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Wireless Performance

Asus' Eee Slate EP121/B121: A Windows 7-Based Tablet PC

Wireless Performance

We've changed the way Wi-Fi performance is evaluated. For background information, check out page 10 of Acer Iconia Tab A500: A Tablet With Honeycomb 3.1. If you're not sure how throughput, latency, processing time, and response time all tie together, we go over that on page 10 of Apple's iPad 2 Review: Tom's Goes Down The Tablet Rabbit Hole.

Two scenarios are being tested here:

  • Five feet, line-of-sight: The wireless device is set five feet from the router without any obstructions. 
  • 20 feet, no line-of-sight: The wireless device is set 20 feet from the router and there are three drywall obstructions in our testing environment that reflect the possible degradation you might see in an indoor environment.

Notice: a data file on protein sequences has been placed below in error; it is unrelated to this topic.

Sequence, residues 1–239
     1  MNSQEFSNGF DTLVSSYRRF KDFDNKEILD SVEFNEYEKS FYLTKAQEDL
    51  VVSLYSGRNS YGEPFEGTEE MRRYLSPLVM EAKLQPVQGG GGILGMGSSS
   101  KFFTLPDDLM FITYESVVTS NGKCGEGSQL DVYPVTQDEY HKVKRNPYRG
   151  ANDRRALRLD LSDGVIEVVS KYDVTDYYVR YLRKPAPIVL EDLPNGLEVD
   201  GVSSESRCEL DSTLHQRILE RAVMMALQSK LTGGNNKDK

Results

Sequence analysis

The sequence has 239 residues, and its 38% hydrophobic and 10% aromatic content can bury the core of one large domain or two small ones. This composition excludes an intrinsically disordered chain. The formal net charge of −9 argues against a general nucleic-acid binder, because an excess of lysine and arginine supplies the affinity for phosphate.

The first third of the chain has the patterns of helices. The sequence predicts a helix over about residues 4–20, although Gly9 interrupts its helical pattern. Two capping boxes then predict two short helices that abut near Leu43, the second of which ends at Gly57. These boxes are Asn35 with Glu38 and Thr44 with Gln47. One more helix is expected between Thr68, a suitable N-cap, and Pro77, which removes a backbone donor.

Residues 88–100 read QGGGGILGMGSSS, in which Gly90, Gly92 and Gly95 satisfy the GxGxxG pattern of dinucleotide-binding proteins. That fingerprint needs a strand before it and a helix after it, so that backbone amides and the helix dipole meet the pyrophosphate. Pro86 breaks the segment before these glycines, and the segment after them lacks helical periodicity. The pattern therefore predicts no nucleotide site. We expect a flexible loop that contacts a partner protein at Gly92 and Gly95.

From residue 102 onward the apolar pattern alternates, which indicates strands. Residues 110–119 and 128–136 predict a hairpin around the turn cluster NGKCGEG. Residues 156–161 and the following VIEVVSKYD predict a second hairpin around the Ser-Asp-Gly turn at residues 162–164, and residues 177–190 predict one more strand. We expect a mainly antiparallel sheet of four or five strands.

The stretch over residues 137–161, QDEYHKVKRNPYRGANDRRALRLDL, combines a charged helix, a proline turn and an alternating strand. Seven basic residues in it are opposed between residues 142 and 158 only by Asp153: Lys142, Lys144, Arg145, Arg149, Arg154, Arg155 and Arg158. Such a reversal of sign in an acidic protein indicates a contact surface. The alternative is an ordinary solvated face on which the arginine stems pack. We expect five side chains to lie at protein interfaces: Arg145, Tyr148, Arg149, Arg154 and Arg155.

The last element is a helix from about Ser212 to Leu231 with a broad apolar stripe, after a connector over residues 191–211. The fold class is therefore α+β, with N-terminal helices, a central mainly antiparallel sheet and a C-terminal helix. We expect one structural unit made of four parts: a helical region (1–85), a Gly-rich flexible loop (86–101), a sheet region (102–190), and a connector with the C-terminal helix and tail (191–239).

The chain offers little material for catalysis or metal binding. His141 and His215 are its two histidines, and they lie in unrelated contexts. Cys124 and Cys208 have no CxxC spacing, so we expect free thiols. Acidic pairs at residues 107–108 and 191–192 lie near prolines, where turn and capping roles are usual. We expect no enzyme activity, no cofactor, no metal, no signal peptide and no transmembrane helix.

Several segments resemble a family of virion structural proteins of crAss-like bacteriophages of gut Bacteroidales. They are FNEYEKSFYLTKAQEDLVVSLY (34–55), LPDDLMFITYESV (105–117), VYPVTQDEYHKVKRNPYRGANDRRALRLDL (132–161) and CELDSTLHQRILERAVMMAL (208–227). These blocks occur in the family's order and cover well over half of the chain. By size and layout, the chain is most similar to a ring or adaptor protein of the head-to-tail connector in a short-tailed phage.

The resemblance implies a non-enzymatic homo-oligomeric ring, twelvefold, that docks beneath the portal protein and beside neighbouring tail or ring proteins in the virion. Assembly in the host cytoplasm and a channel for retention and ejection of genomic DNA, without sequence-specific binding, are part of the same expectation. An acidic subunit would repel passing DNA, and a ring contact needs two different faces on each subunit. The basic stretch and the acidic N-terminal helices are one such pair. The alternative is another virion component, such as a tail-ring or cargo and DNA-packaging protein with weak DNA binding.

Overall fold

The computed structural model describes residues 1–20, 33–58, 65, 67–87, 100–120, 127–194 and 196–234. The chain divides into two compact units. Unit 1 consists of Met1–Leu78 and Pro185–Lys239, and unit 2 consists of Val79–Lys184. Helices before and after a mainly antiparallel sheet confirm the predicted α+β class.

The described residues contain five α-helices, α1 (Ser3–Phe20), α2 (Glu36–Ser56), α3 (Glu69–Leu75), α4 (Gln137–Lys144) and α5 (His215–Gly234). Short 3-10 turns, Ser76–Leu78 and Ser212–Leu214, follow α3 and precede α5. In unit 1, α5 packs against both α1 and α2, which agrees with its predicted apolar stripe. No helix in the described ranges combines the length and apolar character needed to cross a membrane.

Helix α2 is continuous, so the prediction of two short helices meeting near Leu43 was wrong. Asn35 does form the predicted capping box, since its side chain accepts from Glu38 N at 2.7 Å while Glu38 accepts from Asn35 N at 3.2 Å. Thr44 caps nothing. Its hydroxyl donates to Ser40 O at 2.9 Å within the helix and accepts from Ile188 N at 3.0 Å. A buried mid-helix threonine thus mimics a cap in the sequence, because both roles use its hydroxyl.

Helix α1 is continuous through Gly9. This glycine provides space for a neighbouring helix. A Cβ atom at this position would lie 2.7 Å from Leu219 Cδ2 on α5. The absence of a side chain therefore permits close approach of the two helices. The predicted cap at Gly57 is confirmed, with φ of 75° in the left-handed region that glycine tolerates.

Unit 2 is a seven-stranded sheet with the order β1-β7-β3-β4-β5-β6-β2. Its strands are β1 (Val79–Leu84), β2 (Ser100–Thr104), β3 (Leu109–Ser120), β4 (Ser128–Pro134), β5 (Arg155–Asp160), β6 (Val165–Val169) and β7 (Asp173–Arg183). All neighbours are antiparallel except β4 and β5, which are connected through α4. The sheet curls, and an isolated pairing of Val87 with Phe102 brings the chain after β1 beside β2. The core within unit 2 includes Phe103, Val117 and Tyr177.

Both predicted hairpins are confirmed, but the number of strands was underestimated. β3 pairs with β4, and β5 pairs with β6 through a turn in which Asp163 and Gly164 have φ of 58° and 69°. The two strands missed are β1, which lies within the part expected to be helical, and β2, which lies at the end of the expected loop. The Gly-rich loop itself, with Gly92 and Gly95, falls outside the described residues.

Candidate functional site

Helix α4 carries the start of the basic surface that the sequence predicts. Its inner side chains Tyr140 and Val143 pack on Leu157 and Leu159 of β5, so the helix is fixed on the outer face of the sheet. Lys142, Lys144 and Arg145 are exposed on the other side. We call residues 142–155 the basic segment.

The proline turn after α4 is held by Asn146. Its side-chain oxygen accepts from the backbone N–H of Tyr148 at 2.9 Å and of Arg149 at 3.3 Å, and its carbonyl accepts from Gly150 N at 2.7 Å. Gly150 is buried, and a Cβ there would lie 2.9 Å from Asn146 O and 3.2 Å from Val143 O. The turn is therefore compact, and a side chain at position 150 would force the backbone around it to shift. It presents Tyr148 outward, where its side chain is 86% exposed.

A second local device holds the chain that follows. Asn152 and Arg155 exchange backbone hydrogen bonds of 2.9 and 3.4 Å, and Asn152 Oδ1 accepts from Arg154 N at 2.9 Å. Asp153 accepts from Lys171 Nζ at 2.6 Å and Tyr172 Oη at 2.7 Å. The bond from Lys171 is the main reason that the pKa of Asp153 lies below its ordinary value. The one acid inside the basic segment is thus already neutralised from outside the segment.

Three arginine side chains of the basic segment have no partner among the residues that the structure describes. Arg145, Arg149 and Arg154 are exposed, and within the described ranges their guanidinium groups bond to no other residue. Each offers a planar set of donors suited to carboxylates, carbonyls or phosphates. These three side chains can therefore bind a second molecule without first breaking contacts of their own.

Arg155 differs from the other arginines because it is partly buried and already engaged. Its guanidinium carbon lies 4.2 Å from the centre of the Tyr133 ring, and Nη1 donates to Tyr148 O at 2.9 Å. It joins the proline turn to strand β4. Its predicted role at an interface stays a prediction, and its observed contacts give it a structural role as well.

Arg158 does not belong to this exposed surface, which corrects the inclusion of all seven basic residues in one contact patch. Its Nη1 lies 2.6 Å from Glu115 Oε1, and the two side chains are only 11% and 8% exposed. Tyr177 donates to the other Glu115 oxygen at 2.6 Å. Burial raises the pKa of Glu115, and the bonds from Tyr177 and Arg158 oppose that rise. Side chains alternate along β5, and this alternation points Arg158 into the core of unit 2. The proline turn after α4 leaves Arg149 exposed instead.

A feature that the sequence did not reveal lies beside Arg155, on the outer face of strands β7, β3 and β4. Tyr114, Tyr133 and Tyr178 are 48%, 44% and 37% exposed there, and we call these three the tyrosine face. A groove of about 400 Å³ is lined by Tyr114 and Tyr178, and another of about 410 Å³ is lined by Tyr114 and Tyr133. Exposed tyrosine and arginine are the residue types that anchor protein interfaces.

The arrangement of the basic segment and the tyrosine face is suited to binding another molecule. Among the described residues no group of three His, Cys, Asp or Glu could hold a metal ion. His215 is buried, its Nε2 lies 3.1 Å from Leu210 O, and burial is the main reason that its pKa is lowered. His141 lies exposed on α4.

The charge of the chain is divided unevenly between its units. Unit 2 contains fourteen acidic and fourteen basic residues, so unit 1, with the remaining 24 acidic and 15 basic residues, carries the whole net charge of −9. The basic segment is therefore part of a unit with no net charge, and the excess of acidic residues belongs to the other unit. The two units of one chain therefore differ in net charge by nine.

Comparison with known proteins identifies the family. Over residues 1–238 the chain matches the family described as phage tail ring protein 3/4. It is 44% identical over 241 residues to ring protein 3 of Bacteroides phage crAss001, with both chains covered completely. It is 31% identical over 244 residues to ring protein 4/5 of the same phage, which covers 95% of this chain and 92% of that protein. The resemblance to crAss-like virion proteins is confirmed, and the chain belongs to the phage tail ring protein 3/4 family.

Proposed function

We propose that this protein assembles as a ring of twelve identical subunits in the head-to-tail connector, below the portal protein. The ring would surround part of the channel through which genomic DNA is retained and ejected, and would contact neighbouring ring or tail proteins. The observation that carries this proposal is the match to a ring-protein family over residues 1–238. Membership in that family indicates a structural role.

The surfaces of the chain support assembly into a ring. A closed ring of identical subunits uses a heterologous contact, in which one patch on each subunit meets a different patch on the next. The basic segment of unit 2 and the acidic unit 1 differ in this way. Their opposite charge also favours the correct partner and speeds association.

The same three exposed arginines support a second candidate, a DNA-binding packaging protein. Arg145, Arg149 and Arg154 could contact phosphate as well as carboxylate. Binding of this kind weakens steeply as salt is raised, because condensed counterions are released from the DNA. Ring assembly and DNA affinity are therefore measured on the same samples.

All devices idle for two minutes before testing in order to prevent power-saving rules in the OS from affecting wireless performance.

The iPad, iPad 2, Xoom, and Iconia A500 all use the same 802.11a/b/g Wi-Fi + Bluetooth 2.1 controller (Broadcom's BCM4329), but the Android tablets place a processing priority on networking tasks, so they benefit from better response times and throughput. 

The Eee Slate does well compared to the tablets, but it falls short of the Xoom's numbers when we're further away from the access point. Response times are excellent, but Asus' Eee Slate seems to prefer 802.11n to 802.11g.

The Eee Slate is a single-band device; it can't connect to 5 GHz networks. That's something to keep in mind if you own a dual-band router and prefer using the 5 GHz frequency range.

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